Learned State Counsel, Mr Mbai, supported the conviction and sentence of the 1st and 2nd appellants, but said that, he found it difficult to support the 3rd appellant’s conviction and left it to the court. We shall now consider the case of each appellant.

The case against George, the 1st appellant, was built on the following material:

(a) his alleged statement under inquiry

(b) his alleged charge and caution statement

(c) circumstantial evidence

(d) implication in co-accused statement All three appellants had a common ground of appeal, stating that the learned judge erred in rejecting the evidence alleging their ill treatment by the investigating officers, who recorded the statements under inquiry. Inspector Julius Osano Mokoro, (P W 15) recorded the inquiry statement from the 1st appellant on 2nd May 1982. The appellant repudiated the statement. He said, during the trial within a trial, that he was asked by Inspector Osano, on 3rd May, 1982, towrite where he was from 9th April to 1st May, which he did in his own handwriting, starting with his place of birth. He then wrote on white paper. On 4th May, he was presented some papers to sign, but he refused because, they were not those he had written on 3rd May. He was, as a result of the refusal, beaten and tortured so much that, he had to give in and sign the papers. He asked to be told what was written in those papers, but Inspector Osano, would not tell him the contents. The appellant said that, when he went for medical examination, he told the doctor about beatings and asked to be examined for physical injuries to the penis and testicles but the doctor refused and examined him only for mental fitness and age. The doctor was not called to testify in the trial within a trial. This was unfortunate.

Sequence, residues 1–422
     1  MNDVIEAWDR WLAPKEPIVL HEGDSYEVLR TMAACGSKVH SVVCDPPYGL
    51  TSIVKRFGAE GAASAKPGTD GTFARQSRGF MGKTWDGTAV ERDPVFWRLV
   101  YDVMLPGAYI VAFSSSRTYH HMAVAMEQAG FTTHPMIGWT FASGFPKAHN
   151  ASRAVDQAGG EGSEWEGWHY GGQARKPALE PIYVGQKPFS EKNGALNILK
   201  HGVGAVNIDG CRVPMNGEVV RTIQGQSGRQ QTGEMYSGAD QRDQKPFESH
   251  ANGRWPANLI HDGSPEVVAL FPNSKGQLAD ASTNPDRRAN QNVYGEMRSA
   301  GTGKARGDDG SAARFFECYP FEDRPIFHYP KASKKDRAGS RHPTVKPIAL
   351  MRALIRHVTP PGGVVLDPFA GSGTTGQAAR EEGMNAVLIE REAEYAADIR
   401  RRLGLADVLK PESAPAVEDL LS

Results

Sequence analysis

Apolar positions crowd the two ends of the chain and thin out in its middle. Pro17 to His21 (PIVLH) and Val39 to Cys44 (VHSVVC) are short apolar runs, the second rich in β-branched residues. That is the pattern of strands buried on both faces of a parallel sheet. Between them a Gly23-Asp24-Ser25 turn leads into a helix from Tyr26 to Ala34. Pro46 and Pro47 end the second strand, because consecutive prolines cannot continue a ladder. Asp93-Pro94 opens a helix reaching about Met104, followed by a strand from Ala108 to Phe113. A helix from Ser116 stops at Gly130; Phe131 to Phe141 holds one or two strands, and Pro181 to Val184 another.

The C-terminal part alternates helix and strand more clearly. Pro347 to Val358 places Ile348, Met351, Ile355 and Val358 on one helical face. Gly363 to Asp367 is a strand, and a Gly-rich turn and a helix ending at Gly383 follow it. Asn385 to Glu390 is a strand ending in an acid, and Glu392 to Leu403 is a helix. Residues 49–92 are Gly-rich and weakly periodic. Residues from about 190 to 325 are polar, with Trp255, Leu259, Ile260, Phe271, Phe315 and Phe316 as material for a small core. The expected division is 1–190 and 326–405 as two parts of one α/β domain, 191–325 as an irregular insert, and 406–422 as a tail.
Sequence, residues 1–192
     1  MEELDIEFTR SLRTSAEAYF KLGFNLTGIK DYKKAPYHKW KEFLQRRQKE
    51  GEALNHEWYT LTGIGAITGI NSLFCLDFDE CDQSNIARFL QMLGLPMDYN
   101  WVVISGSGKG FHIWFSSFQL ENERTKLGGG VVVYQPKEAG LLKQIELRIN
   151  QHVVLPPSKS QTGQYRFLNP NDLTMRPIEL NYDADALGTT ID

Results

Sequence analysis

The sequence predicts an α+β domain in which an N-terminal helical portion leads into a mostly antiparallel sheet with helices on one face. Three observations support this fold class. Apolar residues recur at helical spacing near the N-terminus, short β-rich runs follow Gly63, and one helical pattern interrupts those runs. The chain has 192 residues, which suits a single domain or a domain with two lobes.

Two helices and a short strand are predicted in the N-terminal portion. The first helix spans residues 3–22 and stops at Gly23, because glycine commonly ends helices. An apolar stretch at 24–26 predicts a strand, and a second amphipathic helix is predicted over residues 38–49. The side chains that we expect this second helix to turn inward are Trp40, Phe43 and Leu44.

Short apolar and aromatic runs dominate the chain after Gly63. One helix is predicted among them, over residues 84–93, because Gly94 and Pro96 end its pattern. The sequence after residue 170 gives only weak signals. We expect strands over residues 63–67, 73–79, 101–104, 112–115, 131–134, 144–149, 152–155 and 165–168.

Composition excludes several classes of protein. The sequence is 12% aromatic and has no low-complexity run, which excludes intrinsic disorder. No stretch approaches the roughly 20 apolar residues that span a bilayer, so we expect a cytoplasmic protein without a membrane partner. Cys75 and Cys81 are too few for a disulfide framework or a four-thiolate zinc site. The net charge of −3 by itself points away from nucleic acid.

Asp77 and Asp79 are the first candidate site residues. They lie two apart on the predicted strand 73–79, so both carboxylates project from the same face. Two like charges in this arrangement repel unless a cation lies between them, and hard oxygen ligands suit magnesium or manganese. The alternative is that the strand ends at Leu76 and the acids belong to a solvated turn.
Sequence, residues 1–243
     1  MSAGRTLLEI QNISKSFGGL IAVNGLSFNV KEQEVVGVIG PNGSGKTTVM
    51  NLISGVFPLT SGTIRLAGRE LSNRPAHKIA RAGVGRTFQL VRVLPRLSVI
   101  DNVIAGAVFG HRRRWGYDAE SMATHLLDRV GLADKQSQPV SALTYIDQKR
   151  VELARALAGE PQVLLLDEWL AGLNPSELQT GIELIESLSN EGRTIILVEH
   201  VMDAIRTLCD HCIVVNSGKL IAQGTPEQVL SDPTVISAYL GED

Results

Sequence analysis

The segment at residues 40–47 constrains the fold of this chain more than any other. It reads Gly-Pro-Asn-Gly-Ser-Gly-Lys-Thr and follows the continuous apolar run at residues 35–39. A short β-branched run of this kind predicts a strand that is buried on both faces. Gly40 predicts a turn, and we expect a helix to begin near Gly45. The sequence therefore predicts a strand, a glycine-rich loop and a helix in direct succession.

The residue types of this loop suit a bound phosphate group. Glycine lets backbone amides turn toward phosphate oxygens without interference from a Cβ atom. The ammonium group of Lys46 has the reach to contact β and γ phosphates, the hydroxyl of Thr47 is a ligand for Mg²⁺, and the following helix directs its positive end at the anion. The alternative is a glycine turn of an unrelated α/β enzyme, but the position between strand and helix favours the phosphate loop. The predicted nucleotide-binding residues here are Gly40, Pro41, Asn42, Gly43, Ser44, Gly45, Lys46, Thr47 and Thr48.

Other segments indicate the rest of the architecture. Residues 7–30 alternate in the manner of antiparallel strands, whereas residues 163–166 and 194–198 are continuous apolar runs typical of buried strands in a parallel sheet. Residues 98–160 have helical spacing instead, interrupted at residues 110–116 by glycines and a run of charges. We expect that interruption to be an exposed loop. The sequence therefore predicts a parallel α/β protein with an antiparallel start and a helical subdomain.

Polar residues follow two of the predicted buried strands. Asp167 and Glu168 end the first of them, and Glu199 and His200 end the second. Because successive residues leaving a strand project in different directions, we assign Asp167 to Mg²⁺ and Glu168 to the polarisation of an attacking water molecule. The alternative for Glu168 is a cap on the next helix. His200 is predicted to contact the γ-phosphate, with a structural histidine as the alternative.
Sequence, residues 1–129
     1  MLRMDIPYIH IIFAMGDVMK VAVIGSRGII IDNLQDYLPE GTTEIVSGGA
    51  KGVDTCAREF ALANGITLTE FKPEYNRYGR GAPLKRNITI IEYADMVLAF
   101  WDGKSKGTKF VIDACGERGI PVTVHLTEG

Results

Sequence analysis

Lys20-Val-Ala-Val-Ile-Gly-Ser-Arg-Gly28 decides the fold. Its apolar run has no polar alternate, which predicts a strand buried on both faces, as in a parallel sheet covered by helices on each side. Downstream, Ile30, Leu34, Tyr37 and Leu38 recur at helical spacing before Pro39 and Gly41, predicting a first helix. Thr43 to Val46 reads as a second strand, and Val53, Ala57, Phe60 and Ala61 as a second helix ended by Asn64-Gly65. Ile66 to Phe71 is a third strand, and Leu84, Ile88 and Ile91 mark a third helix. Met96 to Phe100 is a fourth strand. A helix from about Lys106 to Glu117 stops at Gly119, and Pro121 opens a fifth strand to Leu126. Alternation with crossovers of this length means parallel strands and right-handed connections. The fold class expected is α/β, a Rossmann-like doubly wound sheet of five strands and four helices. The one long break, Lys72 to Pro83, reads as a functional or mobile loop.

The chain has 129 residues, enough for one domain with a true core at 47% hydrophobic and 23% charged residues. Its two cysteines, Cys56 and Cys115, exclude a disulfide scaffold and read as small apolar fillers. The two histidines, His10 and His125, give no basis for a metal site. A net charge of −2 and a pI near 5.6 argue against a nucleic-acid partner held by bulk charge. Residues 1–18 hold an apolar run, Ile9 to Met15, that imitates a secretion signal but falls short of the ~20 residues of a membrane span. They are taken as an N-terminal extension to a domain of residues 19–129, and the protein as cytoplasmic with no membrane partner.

Mr Mahan who appeared for all three appellants, stated that, the 1st appellant first led the police to various places, eg Kagio, Kutus and scene of the crime on 3rd May 1982, before the inquiry statement was recorded, first then visited, the places spoken of. The writing on 3rd May 1982, by the appellant was for the purpose of providing his handwriting specimen, so as to compare it with the letter, (EX 8) found by Inspector Osano in the 1st appellant’s mother’s house and on 14th April 1982. The statement (Ex 13) was not given voluntarily. The record shows that the statement the 1st appellant gave under inquiry was recorded on 2nd May 1982 and Mr Mahan, agreed to that, but said that, it was not signed till 4th May 1982. The beatings and tortures are alleged to have started on 4th May, when the appellant refused to sign the statement. The torture was therefore, not inflicted at the time of recording the statement. There is no allegation of beatings and/or tortures during the recording of the statement, until when it was brought up for signature, two days later.